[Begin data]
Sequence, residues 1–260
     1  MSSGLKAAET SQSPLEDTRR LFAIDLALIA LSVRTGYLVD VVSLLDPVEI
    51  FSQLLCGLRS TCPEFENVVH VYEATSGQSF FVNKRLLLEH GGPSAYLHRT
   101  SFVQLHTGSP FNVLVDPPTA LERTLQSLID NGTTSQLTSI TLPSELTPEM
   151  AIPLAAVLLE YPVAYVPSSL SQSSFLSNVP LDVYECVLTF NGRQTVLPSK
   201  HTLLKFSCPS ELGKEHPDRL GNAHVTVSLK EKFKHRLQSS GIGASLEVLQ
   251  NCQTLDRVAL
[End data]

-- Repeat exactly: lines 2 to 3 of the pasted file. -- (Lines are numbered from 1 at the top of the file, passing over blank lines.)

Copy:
     1  MSSGLKAAET SQSPLEDTRR LFAIDLALIA LSVRTGYLVD VVSLLDPVEI
    51  FSQLLCGLRS TCPEFENVVH VYEATSGQSF FVNKRLLLEH GGPSAYLHRT